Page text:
Manuel DeLanda, Markets and Anti-markets in the World Economy (http://www.t0.or.at/delanda/a-market.htm, accessed on 18/07/2007)
 For arguing that capitalism has always been oligopolistic and monopolistic Frenand Braudel uses the assemblages of Venice in the 14th century and Amsterdam in the 17th century. This is because there is evidence of coexistence of commercial, industrial and financial capitalism, which runs counter to the argument unfolds in totalising stages. See Fernand Braudel, Civilisation and Capitalism, 15th-18th Century. Vol 2 (New York: Harper and Row, 1982) p229
 Manuel DeLanda, A New Philosophy of Society: Assemblage Theory and Social Complexity p32
 ‘But more importantly, while the identity of those persons taken for granted in microeconomics, in assemblage theory it must be shown to emerge from the interaction between subpersonal components.’ Manuel DeLanda, A New Philosophy of Society: Assemblage Theory and Social Complexity p32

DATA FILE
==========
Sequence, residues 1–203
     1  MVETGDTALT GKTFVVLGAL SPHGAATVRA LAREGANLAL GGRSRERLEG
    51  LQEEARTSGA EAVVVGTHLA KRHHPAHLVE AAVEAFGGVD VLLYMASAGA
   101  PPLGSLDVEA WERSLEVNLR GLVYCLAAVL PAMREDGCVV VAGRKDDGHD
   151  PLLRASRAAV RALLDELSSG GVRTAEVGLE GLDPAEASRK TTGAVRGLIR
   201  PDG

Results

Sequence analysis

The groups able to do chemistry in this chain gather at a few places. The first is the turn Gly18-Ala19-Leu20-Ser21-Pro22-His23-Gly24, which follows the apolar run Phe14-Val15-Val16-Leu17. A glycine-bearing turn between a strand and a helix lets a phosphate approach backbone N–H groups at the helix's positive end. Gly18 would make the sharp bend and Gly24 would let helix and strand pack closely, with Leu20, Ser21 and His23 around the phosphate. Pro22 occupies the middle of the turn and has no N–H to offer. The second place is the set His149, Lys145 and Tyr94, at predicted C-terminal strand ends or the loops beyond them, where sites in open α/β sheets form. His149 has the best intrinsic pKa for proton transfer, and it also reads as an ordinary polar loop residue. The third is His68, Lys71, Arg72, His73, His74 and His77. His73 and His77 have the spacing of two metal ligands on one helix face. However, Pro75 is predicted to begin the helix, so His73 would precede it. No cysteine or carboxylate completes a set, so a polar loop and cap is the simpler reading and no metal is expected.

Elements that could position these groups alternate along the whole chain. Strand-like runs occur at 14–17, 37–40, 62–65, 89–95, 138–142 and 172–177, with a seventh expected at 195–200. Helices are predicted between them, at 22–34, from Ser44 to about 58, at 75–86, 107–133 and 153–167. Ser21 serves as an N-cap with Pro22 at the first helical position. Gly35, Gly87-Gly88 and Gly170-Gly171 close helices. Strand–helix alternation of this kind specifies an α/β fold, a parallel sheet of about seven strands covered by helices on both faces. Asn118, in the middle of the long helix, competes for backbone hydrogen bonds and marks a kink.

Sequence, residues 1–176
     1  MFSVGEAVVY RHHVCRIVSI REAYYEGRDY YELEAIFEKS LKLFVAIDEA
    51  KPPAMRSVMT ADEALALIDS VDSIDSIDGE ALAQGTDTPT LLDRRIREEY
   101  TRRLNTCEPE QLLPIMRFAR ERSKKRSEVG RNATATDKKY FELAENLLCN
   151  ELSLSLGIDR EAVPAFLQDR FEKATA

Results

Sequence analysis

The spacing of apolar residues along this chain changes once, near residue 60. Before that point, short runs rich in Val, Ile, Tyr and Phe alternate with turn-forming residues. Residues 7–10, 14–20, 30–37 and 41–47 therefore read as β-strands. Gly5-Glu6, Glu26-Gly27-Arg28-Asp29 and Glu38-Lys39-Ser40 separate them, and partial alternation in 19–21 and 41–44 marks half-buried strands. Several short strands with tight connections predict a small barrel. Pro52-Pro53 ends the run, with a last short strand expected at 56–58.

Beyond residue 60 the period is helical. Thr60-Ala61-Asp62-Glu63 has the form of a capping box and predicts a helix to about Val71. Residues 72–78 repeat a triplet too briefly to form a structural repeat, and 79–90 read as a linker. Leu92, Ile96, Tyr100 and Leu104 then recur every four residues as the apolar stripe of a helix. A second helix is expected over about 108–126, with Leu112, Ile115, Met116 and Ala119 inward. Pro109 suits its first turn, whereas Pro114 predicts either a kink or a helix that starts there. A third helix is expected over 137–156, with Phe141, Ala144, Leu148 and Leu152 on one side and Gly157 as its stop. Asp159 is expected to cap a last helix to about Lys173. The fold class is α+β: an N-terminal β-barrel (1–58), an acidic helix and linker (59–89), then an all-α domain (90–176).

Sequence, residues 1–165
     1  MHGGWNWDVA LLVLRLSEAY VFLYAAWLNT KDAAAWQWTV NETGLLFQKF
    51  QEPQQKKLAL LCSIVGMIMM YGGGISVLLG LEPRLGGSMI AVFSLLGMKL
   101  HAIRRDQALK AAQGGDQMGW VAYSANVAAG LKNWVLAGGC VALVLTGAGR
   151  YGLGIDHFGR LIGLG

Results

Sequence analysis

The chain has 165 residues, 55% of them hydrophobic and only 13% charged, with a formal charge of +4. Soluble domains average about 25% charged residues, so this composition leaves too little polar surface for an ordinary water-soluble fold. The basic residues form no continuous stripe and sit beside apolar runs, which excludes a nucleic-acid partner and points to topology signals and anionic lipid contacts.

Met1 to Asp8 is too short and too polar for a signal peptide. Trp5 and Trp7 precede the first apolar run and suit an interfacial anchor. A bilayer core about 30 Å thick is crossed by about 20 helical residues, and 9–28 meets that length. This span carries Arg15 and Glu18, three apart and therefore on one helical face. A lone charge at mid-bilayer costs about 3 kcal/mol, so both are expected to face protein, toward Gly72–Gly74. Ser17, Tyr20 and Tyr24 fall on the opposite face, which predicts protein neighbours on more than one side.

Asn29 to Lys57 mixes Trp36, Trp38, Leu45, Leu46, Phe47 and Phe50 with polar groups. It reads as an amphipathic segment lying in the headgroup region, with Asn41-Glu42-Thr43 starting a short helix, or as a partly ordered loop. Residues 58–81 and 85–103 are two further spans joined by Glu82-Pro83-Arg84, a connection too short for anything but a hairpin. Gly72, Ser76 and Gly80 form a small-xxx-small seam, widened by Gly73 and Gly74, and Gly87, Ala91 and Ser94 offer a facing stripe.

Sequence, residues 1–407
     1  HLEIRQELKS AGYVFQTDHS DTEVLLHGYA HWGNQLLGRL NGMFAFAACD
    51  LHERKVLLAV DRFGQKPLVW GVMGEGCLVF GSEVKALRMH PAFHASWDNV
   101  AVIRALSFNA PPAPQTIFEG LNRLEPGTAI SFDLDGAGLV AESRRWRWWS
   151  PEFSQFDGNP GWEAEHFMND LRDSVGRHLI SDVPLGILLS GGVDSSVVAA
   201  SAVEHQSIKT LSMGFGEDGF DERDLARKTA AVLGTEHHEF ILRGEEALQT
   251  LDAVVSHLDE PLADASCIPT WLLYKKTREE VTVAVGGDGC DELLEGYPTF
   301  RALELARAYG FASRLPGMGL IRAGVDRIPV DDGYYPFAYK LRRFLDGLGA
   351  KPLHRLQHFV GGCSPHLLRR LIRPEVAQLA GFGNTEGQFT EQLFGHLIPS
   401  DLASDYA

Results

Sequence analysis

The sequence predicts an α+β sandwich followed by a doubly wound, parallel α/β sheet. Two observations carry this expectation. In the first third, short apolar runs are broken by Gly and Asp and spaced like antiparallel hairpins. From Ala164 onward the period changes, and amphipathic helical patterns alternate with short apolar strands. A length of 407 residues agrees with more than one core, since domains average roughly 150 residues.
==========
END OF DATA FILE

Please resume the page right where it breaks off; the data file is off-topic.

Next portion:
An example of this flaw is in the philosophy of Kant, who, while opening his philosophy to the properties of time, was unable to extend this to the subject, and is why he created a (timeless) transcendental subject, which suffers from not (fully) considering how the subject emerges.
 ‘Durkheim’s preferred objective of study were the great collective representations, which are generally binary, resonant, and overcoded. Tarde countered that collective representations presuppose exactly what needs explaining, namely, “the similarity of millions of people.” That is why Tarde was interested in the world of detail, or the infinitesimal: the little imitations, oppositions, and inventions.’ Gilles Deleuze and Felix Guattari, A Thousand Plateaus p240-241